When working with KVM bridged interfaces, KVM will automatically name the virtual NIC that is spawned when the VM is started. This typically follows a naming convention of:
vnet0, vnet1, vnet2, ..., vnetN
The virtual NIC names are dynamically applied to each VM instance. Thus, a spawned VM is not guaranteed to receive the same virtual NIC when it is restarted. Generally speaking, this may not be a problem. However, what if you *need* to have a script, or some function whereby it is important to know which virtual NIC is allocated to a specific VM? There are ways of scripting this, but to avoid the headaches of scripting, it may be helpful to just specify a fixed, hard-coded name on the generated virtual NIC of the VM. To do this, you must use the
virsh command line utility.
To implement this, follow the steps below as a user that has rights to use the
- Run the command:
- At the
virshconsole, you need to type the command:
edit <domain/VM Name>(substitute the name of your VM in here)
- This will open up a
vilike interface to edit the XML entries for your VM. NOTE: I am making the assumption that you are using a standard bridged setup. I have not tested this with non-bridged setups, and especially not on libvirt managed bridged setups. Thus, your mileage may vary.
- Locate the XML entry for your network setup. It should look something like this:
<interface type='bridge'> <mac address='00:11:22:33:44:55'/> <source bridge='br0'/> <model type='virtio'/> <address type='pci' domain='0x0000' bus='0x00' slot='0x03' function='0x0'/> </interface>
You need to add a line to theNote: the name of the NIC needs to be a valid interface name. All lowercase and underscores work. As an example, I named my VM’s virtual NIC’s to something like this:
interfacetag that looks like this:
vm1_net, vm2_net, vm3_net, ..., vmN_net
- Once it’s entered, it should look something like this:
<interface type='bridge'> <mac address='00:11:22:33:44:55'/> <source bridge='br0'/> <target dev='vm1_net'/> <model type='virtio'/> <address type='pci' domain='0x0000' bus='0x00' slot='0x03' function='0x0'/> </interface>
- Save the changes and start the VM.
Once everything is set, you should see something like this if you use the
vm1_net Link encap:Ethernet HWaddr 00:11:22:33:44:55 inet6 addr: fe80::fc54:ff:fec7:11/64 Scope:Link UP BROADCAST RUNNING MULTICAST MTU:1500 Metric:1 RX packets:6 errors:0 dropped:0 overruns:0 frame:0 TX packets:6 errors:0 dropped:0 overruns:0 carrier:0 collisions:0 txqueuelen:500 RX bytes:468 (468.0 b) TX bytes:468 (468.0 b) vm2_net Link encap:Ethernet HWaddr 00:11:22:33:44:56 inet6 addr: fe80::fc54:ff:fec7:22/64 Scope:Link UP BROADCAST RUNNING MULTICAST MTU:1500 Metric:1 RX packets:0 errors:0 dropped:0 overruns:0 frame:0 TX packets:6 errors:0 dropped:0 overruns:0 carrier:0 collisions:0 txqueuelen:500 RX bytes:0 (0.0 b) TX bytes:468 (468.0 b)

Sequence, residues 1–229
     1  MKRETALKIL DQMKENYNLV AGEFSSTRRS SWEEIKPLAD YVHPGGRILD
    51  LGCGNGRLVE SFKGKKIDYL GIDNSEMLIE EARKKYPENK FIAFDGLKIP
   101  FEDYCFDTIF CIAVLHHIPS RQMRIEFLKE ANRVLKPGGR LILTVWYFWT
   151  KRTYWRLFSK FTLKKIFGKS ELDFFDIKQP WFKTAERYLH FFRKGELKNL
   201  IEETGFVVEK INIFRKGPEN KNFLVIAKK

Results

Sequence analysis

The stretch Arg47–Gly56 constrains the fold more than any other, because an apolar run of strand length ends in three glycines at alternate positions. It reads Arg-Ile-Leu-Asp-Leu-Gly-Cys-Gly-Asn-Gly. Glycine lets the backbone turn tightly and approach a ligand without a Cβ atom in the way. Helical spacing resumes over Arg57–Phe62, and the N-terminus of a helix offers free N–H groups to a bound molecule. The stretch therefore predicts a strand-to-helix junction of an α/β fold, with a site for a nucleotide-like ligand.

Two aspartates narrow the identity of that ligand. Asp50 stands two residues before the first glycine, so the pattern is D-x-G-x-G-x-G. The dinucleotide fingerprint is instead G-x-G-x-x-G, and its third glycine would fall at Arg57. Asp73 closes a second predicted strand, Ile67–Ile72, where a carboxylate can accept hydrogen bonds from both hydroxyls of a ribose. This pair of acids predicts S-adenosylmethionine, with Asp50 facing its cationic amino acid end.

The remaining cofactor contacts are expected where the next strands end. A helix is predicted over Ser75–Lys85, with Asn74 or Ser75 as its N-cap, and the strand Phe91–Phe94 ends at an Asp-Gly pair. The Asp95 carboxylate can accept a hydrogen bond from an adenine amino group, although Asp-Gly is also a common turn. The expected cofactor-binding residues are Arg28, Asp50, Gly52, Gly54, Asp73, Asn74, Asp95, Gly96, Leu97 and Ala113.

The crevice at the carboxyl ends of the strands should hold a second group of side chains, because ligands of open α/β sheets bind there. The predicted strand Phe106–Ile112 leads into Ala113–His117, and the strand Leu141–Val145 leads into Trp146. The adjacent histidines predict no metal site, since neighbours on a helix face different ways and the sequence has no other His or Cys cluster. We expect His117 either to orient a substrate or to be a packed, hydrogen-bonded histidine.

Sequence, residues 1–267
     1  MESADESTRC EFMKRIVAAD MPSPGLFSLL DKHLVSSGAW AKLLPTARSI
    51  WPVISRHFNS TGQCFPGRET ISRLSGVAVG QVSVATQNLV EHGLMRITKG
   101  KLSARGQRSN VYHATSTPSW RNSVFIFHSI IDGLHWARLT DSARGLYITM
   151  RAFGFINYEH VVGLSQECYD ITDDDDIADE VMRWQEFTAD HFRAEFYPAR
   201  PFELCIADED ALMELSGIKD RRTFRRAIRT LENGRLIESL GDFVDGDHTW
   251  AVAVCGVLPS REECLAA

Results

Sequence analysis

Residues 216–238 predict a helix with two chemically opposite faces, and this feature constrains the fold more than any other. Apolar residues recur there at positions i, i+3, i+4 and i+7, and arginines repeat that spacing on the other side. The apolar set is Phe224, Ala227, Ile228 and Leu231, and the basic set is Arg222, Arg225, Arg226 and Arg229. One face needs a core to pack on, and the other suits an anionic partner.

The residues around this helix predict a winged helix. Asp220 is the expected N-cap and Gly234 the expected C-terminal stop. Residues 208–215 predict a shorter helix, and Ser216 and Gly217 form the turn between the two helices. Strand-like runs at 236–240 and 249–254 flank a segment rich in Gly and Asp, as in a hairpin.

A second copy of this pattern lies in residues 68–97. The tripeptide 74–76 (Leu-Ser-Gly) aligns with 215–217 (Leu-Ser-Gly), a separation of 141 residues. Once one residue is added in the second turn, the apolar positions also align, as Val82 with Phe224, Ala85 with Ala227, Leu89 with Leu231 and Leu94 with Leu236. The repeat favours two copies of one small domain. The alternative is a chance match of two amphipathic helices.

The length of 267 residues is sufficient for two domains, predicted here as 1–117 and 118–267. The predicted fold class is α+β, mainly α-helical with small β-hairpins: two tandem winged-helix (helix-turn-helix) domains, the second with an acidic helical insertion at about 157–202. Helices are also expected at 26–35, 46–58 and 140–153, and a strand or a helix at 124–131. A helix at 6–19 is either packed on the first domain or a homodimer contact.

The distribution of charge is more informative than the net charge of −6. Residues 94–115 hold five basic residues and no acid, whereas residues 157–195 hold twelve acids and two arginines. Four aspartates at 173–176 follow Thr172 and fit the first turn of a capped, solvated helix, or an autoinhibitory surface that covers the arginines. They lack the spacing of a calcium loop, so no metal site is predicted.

This guarantees that the VM will always start with the virtual NIC name that you specify. In my case, I have VM1 using
vm1_net, and VM2 using
I love using
gedit to make changes to config files in Linux. However, I have recently encountered some odd issues where config files that I edit using
gedit just don’t work properly. However, making the exact same changes with
vim does not have any issues.
Looking at both files (one edited with
gedit, the other with
vim), they look exactly the same…so I thought. Apparently,
gedit likes to add a
\r (carriage return) to the end of some lines. This is a hidden character, so if you open the file with
vi/vim, you won’t see it. However, this hidden character can cause a very nasty side effect to your config files in that some applications will not properly parse the file. As a result, your application (or OS) will not work (talk about a great way to perform a nasty DoS attack).
This is the type of problem that will make you pull your hair out trying to solve. So, the solution? Either use
nano. If you use
gedit, make sure you do a find and replace where you want to find “
\r” and leave the replace textbox blank. This will remove all instances of
\r. Your file will “look” exactly the same, however, you eliminated that pesky hidden carriage return character causing all the problems.